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Modelling the impact of urban form and transport provision on transport-related greenhouse gas emissions

Chandra, Les (2005) Modelling the impact of urban form and transport provision on transport-related greenhouse gas emissions. Masters by Coursework thesis, Murdoch University.

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Greenhouse gas emissions from private motor vehicles are of significant policy interest in Australia and around the world. Technological efforts, such as introduction of more fuel efficient vehicles, may help the problem, but a consensus is slowly arising that the only way to make significant changes is to reduce the amount of travel being undertaken by the private car. Travel patterns are best viewed not as the result of openended choices, but rather a reflection of the constraints faced by individuals within our community. One of the greatest constraints faced is the environment within which we live, which for most Australians will be an urban (or suburban) environment. There is extensive literature to show that the nature of this urban environment (its "urban form") has a major impact on the travel patterns of its residents.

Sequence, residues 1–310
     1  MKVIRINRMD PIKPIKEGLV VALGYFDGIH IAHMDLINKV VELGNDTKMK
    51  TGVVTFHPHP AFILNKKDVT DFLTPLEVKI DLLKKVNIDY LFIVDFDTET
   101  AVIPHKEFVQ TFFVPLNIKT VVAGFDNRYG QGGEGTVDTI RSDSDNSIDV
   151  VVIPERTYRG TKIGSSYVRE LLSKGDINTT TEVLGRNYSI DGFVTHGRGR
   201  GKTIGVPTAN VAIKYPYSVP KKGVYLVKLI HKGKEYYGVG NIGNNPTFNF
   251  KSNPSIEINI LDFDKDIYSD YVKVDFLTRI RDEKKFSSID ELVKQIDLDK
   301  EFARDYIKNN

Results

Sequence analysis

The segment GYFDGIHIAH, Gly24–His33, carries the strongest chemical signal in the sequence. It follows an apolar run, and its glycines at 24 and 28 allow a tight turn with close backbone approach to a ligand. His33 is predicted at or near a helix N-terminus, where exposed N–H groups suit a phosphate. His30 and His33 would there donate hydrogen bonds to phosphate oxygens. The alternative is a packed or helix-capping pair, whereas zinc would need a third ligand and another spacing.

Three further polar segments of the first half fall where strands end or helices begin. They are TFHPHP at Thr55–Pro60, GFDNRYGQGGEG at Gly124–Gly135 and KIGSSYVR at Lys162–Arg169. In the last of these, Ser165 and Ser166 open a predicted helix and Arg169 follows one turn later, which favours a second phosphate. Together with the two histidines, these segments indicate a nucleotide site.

For this thesis, it was hypothesised that measurable features of urban form, that is to say, a city's population and employment distribution, design patterns and transport services, would have a systematic impact on the transport patterns of its residents.
To test this hypothesis at the Australian suburban level, a range of new data was collected: household transport data for Sydney, Melbourne and Perth local government areas and corresponding urban form data. This included population density, job density, street layout, road supply and public transport service levels. The two sets of data were subjected to analysis using ordinary linear regression.

The analysis reveals a clear pattern. Inner city areas generate low VKT, and thus low emissions, and emissions per capita increase steadily as distance from CBD increases. Exurban areas generate significantly greater VKT, and within suburban areas proper, a combination of street layout and access to full-time public transport explains 75% of variance in private motorized VKT. A straight-forward model is produced and validated using a subset of recent data. Rather than directly influencing mode choice, a minimum density of population is identified as being necessary for the efficient operation of public transport, and further research in this area is indicated.

Item Type: Thesis (Masters by Coursework)
Murdoch Affiliation(s): Institute for Science and Technology Policy
United Nations SDGs: Goal 13: Climate Action
Notes: Note to the author: If you would like to make your thesis openly available on Murdoch University Library's Research Repository, please contact: Thank you.
Supervisor(s): Newman, Peter
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